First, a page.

The Road to 65, Mile 250: Kindness to Animals

August 5, 2015, Prescott- Today’s paper discussed a plan by the U.S. Forest Service, in Roosevelt, AZ, to round up a herd of wild horses, which have been in the area since the days of Father Kino (ca. 1690).  The horses would then be turned over to the Arizona Department of Agriculture, which then, by statute, has to auction them off in 30 days, if their “rightful owner does not claim them.”  Since Maricopa and Gila Counties do not have a tradition of Spanish Land Grant, such rightful owners no longer exist.  The animals would thus go to the highest bidders, who would, ostensibly, be the operators of slaughter houses. Pets have to eat, ya know!

The horses are said to be a potential threat to public safety, as they “might” enter Arizona Highway 87, which goes from Tucson to Winslow, and thus goes through the horses’ habitat.  This potential threat is also shared by elk, deer, coyotes, mountain lions, javelina, and, in the higher country near Payson, bears.  This could end up being a roundup to rival the Danish whale Grind, about which, more in a bit.

The Salt River Indian Community has offered to take custody of the horses, and there is a great hue and cry in the Metro Phoenix area.  Three conservative, pro-business U.S. Congresspeople have stood up for the animals, so the Forest Service can’t say this is in the interests of the economy, either.  I would say, take the Salt River people up on their offer, or leave the animals alone.

Now, to Denmark, the Faero Islands, and cetaceans:  The neo-Viking mentality that has surfaced in the “Happiest Nation on Earth”, in recent weeks is 1) mind-numbing in its pursuit of slaughter for its own sake; 2) reminiscent of the ill-fated jailing, imprisonment and, later, killings of those who went to the American South, and to South Africa, to protest the legally-sanctioned ill-treatment of Black people.  This time, it is in defense of animals, which actually heightens the worthiness of the actions:  Animals can’t speak for themselves.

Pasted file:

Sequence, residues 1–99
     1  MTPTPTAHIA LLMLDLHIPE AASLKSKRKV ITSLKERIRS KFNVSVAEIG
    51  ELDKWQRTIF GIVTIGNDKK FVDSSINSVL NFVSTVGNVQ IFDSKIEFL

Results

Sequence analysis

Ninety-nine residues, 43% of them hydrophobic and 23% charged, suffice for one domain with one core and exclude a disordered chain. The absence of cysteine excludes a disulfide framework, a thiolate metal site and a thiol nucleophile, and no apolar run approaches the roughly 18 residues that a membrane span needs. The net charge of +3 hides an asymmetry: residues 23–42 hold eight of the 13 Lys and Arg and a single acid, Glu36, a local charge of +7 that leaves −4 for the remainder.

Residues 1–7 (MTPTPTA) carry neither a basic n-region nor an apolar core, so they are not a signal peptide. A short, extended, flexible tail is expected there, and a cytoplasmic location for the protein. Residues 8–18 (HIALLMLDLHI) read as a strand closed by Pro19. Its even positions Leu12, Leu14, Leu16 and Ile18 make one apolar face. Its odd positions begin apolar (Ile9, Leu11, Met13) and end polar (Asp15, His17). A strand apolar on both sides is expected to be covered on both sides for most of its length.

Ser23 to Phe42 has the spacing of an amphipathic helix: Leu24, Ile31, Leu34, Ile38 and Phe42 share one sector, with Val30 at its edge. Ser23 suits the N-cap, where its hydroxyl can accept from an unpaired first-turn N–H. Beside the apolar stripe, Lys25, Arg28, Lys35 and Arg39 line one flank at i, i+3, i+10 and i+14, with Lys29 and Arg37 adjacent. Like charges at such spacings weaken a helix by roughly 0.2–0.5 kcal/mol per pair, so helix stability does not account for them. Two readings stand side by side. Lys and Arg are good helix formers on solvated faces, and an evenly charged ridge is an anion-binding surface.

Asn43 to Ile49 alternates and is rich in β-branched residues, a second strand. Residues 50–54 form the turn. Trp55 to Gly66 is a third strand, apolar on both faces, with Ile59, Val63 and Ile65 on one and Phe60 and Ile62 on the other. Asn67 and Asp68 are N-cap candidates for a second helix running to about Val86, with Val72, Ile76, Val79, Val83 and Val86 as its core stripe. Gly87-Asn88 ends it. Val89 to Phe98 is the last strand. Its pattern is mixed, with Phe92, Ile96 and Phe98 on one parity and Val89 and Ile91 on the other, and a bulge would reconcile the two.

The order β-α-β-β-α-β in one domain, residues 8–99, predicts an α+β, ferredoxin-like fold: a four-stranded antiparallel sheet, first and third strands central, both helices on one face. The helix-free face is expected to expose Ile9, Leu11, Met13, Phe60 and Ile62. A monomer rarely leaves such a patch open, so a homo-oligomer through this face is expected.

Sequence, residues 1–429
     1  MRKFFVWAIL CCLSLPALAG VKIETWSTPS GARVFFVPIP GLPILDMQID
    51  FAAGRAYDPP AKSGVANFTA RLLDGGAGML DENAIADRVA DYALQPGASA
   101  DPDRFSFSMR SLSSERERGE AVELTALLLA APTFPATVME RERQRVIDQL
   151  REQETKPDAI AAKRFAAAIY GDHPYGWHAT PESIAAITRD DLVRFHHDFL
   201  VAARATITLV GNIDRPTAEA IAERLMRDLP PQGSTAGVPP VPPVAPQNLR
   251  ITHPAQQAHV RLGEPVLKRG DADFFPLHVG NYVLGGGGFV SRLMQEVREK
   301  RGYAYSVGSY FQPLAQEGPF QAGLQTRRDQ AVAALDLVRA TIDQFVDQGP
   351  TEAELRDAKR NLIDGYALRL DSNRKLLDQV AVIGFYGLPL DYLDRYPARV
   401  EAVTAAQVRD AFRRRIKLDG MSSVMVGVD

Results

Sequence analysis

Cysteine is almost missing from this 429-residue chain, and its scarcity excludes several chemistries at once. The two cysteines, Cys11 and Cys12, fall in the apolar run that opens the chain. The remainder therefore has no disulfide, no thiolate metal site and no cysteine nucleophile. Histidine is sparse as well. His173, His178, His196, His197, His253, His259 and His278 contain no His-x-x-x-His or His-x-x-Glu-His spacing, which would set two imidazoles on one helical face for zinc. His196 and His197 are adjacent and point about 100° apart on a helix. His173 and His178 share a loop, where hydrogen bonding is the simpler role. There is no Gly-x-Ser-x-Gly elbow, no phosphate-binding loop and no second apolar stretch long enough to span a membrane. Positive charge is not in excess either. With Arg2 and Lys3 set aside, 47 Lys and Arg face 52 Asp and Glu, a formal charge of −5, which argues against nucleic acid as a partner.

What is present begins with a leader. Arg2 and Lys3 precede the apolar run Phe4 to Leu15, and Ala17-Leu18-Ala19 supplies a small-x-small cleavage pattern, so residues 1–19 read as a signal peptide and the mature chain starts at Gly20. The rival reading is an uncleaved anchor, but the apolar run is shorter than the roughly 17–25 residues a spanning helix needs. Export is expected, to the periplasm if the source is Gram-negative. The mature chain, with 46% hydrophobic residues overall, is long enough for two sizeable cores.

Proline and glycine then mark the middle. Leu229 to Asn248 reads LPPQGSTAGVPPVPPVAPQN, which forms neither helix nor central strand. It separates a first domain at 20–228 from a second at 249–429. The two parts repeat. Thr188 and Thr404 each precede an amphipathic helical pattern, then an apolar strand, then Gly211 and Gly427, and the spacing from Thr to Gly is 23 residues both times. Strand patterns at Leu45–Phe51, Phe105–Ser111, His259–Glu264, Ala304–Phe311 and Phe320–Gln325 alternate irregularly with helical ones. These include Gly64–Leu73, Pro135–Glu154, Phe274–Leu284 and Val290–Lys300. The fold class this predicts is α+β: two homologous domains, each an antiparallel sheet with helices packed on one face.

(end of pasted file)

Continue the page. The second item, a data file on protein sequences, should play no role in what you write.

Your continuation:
Let’s think a bit about the ethics of hunting and killing of animals.  The traditional hunter stalks a creature which both is able to defend itself and has the means of escape.  I know bow hunters who, each Fall, go in search of deer or elk, in Arizona’s high country. When they make a kill, the animal is prayed over, thanked for its sacrifice and all parts are put to use.  There is no pseudo-macho chest thumping over what has transpired.  Children are taught to respect the animal, use their weapons properly and follow the process of putting each animal part to good use.

Contrast this, with the recent miserable spectacle of two American medical professionals, who went to the country of Zimbabwe and staged canned hunts of lions, within range of a national park.  The President of that country is fond of saying that being hunted is how wild animals “pay their rent”.  If this practice is allowed to stand, however, Mr. Mugabe will soon find himself with a dearth of tenants.  Trophy hunting, like trophy marriage, is an odious practice, and needs to go the way of the medieval joust.

How ironic that all this is happening, in the silly summer of “Zoo”.  Far better it is for us to heed the Words of Baha’u’llah:   “He should show kindness to animals, how much more unto his fellow-man, to him who is endowed with the power of utterance. He should not hesitate to offer up his life for his Beloved, nor allow the censure of the people to turn him away from the Truth. He should not wish for others that which he doth not wish for himself, nor promise that which he doth not fulfil. With all his heart should the seeker avoid fellowship with evil doers, and pray for the remission of their sins. He should forgive the sinful, and never despise his low estate”The Kitab-i-Iqan, Pages 161-200: 194

I have made the comment, elsewhere, that unless the savagery of the Grind stops, I will not purchase anything produced in Denmark or Faeroern, nor would I visit them on any future journey.  This, in and of itself, is minuscule- but multiply little old me by thousands, and the effect is quite staggering for such small nations. Likewise, Zimbabwe, which depends on tourist dollars, for its “rent”, is in no position to face a boycott. Should the people of those nations take heed, and find other outlets for their machismo, they would find a wealth of opportunity to fully partake in the bounty of the world community.

Stay tuned.

6 thoughts on “The Road to 65, Mile 250: Kindness to Animals

  1. My mind can’t drawing some parallels between meat for money and sex for money. Probably in turning something sacred into something…much less sacred. I’m a fan of making positive changes through purchasing empowerment.


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